The Giants? They were announcing the official signing of pitcher Jeff Samardzija, who led the majors in hits, runs and earned runs allowed; led the American League in home runs allowed; and posted career lows in strikeout percentage, earned-run average and opponent OPS. No major-league pitcher has lost more games over the last four seasons. The Giants rave about his good health and durability and would like to think pitching coach Dave Righetti can cure the problems that Don Cooper, Samardzija’s pitching coach with the Chicago White Sox last season, could not.
Numbers don’t lie, though. He is a fix-it project with a $90 million price tag, which saves the Giants more than $100 million compared to what Arizona paid for Greinke and Boston for David Price. But will we see another parade anytime soon when other clubs are spending their TV windfalls? The Giants print money on King Street. They should be using their considerable resources to maximize their rotation, reward their sellout-streaking fans and always go for the jugular in what has been a wonderful decade.
Instead, they’re locked in denial, believing the overburdened Bumgarner — be very careful with this man’s arm, for it is not bionic — is ably supported by Samardzija, Jake Peavy, Matt Cain and Chris Heston. A rumor in Nashville had the Giants “in on” Miami phenom Jose Fernandez, but that was until the Marlins demanded a heist — asking for all three of the Dodgers’ hottest young talents: Corey Seager, Joc Pederson and Julio Urias. What, is Bonds already calling the personnel shots down there?
So, to recap, the Giants have lost out on Greinke, lost out on Miller and lost out on everyday wizard Ben Zobrist to the Chicago Cubs, who also beat them to pitcher John Lackey in what is a much smarter deal (two years, $32 million) than Samardzija’s iffy windfall. General manager Bobby Evans says he wants a productive outfielder, but again, at what price? Jason Heyward could command $200 million, so he’s likely out when CEO Larry Baer has said the Giants won’t crash the luxury-tax barrier again. Alex Gordon or Dexter Fowler could make sense in their financial world. Yoenis Cespedes was a summer revelation in New York but might bring too much drama to a chill clubhouse. Justin Upton has said he doesn’t like hitting at AT&T, which could be a problem in luring any of the above.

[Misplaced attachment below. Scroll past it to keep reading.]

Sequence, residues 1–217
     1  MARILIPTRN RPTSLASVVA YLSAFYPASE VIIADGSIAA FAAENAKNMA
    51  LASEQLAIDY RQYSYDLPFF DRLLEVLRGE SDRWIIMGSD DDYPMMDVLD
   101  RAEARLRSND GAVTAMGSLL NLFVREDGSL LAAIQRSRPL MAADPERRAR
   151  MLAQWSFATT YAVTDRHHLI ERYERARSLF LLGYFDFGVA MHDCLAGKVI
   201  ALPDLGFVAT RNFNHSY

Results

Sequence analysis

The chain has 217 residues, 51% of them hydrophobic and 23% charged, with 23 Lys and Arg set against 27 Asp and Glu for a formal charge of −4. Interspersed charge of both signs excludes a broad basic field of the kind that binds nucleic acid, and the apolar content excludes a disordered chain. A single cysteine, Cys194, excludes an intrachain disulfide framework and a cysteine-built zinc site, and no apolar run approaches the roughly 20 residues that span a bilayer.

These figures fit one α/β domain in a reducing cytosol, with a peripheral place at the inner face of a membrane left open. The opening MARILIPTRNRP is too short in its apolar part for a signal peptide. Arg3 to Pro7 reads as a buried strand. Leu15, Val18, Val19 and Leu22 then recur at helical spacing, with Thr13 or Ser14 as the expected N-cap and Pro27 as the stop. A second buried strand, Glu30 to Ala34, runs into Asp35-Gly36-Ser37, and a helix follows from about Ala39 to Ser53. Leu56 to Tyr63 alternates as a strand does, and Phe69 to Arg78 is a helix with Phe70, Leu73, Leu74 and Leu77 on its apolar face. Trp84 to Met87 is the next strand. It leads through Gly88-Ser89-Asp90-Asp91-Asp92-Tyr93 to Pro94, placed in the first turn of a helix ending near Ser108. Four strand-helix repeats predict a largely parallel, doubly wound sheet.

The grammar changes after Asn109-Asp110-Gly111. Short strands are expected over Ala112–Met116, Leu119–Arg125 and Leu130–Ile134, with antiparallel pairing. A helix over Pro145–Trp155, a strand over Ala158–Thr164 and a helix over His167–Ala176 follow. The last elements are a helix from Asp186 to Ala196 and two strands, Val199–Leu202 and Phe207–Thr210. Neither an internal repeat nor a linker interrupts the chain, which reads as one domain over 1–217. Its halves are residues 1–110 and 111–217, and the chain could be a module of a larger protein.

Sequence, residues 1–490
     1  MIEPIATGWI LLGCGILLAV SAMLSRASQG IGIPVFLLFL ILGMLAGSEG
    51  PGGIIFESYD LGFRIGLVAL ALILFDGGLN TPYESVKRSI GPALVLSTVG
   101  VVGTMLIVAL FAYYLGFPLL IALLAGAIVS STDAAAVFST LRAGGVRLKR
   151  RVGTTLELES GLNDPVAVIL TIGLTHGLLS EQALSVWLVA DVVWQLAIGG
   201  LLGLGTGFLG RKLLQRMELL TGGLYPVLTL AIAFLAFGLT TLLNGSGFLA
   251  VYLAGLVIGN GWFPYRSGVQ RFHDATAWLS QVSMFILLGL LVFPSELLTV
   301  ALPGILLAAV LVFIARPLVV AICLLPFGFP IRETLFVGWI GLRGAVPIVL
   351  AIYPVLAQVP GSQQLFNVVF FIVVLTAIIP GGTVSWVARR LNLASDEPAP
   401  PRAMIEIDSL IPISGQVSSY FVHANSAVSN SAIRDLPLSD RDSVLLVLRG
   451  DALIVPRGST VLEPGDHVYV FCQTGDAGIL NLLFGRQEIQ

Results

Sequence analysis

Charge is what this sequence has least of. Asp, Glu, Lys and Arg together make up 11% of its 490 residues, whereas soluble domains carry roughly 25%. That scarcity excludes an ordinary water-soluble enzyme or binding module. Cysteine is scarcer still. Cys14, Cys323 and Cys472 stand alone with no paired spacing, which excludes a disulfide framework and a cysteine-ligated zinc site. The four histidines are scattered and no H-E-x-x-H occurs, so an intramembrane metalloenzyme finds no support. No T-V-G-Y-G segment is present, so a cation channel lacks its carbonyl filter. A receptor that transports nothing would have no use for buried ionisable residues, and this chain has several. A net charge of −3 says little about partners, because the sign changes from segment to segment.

“We feel like we have a strong club, a good club, and that we’re going to contend,” Bochy said.
Merely contending is not winning a World Series. At present, the Cubs, Cardinals, Mets, Pirates and Diamondbacks are better than the Giants. The Dodgers, even with Hisashi Iwakuma replacing Greinke, also are better with Seager and their spectacular youth.
The operative word here is smug. The Giants think their way is time-proven and supreme, and for five years, it was. But times change. The competition adjusts and invests.
And suddenly, you’re D-Backed against the wall.
Jay Mariotti is sports director and lead sports columnist at the San Francisco Examiner. He can be reached at firstname.lastname@example.org. Read his website at jaymariotti.com.